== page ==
•  KPMG LLP, our independent auditor, reports directly to our Audit Committee.
 
  •  Our Audit Committee, consistent with the Sarbanes-Oxley Act of 2002 and the rules adopted thereunder, meets with management and our independent auditor to receive information concerning, among other things, the integrity of our financial controls and reporting.
 
  •  Our Audit Committee has adopted a Policy on Reporting Concerns and Complaints Regarding Accounting, Internal Accounting Controls and Auditing Matters to enable confidential and anonymous reporting to the Audit Committee of concerns regarding questionable accounting matters.
 
Compensation, Benefits and Stock Option Committee
 
  •  All members of our Compensation, Benefits and Stock Option Committee (“Compensation Committee”) have been determined to meet the NYSE standards for independence. See “Director Independence” above. Further, each member of our Compensation Committee is a “Non-Employee Director” as defined in Rule 16b-3 under the Securities Exchange Act of 1934 and an “outside director” as defined for purposes of Section 162(m) of the Internal Revenue Code of 1986, as amended.
 
  •  Our Compensation Committee operates under a charter adopted by our Board that governs its duties and conduct. A copy of the charter can be obtained free of charge from our website, www.nobleenergyinc.com, or by written request to us at the address appearing on the first page of this proxy statement to the attention of our Secretary or by calling (281) 872-3100.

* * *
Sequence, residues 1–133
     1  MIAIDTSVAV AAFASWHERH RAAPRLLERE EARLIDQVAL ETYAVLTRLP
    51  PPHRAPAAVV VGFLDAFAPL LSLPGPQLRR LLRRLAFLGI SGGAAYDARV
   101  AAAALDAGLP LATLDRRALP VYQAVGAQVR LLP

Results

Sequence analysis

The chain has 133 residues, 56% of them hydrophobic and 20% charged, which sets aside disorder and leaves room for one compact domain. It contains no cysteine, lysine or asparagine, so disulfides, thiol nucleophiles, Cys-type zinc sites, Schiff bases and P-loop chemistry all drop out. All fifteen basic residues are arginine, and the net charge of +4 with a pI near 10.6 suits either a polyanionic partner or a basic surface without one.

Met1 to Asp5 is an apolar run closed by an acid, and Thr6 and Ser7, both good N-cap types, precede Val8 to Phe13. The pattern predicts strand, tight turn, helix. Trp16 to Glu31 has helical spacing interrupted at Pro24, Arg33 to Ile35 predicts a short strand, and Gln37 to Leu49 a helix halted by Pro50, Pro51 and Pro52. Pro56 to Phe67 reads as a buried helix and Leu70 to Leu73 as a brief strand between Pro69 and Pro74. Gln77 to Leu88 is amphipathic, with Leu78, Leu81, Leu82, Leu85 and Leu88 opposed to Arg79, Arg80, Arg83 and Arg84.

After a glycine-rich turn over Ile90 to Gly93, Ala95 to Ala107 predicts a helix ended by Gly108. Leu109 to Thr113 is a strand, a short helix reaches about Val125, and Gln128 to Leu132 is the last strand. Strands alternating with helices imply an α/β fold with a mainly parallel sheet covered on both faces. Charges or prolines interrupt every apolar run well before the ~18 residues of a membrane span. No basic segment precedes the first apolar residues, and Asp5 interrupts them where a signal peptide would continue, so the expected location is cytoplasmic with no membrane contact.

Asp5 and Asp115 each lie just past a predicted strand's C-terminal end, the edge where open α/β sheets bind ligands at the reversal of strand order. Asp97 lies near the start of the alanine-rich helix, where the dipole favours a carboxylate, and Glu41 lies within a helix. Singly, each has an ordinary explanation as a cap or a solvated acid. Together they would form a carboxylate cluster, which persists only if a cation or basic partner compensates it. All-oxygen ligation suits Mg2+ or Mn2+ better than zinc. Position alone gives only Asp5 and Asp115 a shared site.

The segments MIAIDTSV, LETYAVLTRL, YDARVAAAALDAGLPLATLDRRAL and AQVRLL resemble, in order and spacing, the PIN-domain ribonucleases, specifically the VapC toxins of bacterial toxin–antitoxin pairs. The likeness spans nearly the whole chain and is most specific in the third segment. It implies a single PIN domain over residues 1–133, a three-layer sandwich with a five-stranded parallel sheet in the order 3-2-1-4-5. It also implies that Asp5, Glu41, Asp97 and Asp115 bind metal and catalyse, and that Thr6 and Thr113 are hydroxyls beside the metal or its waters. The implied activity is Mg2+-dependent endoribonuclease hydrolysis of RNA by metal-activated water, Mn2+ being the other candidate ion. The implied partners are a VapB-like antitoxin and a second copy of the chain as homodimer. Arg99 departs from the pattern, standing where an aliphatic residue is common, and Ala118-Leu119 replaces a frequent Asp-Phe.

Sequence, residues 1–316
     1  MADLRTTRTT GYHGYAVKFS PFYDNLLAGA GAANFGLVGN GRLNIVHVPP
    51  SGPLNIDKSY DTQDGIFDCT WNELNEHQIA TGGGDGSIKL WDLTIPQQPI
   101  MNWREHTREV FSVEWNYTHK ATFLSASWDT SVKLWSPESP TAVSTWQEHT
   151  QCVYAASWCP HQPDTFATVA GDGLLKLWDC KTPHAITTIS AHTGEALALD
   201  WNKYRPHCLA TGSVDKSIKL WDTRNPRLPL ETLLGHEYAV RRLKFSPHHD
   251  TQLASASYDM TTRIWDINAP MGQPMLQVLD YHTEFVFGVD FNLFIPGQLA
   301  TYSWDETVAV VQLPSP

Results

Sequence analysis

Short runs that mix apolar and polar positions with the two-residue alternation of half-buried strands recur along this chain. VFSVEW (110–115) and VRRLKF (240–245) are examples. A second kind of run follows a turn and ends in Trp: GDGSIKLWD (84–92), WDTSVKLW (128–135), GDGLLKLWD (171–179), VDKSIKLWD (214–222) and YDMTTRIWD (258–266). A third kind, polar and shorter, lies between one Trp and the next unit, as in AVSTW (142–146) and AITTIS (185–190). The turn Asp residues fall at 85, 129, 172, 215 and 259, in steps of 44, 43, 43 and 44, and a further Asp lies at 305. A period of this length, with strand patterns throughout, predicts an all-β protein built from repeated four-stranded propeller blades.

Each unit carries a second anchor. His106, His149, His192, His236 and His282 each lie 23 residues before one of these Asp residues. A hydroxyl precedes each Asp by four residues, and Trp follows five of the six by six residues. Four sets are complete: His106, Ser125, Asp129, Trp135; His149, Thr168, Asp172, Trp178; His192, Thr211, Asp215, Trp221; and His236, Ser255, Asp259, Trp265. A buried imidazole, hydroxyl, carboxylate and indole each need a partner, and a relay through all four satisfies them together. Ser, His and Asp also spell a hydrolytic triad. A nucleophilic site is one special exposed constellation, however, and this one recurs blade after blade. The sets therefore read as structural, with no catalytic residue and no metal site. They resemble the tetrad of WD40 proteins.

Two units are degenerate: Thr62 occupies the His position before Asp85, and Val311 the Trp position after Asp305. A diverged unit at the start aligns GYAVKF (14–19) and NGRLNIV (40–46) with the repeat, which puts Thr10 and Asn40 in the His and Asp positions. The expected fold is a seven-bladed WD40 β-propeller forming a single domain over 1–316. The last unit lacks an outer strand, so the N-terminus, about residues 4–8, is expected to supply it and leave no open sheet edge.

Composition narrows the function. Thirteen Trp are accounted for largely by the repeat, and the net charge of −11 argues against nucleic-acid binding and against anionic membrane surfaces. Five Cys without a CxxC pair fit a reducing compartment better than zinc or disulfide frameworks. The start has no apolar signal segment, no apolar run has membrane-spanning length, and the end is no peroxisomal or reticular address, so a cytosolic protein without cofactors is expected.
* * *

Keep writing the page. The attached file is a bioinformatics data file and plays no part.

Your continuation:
Corporate Governance and Nominating Committee
 
  •  All members of our Corporate Governance and Nominating Committee (“Governance Committee”) have been determined to meet the NYSE standards for independence. See “Director Independence” above.
 
  •  Our Governance Committee operates under a charter adopted by our Board that governs its duties and conduct. A copy of the charter can be obtained free of charge from our website, www.nobleenergyinc.com, or by written request to us at the address appearing on the first page of this proxy statement to the attention of our Secretary or by calling (281) 872-3100.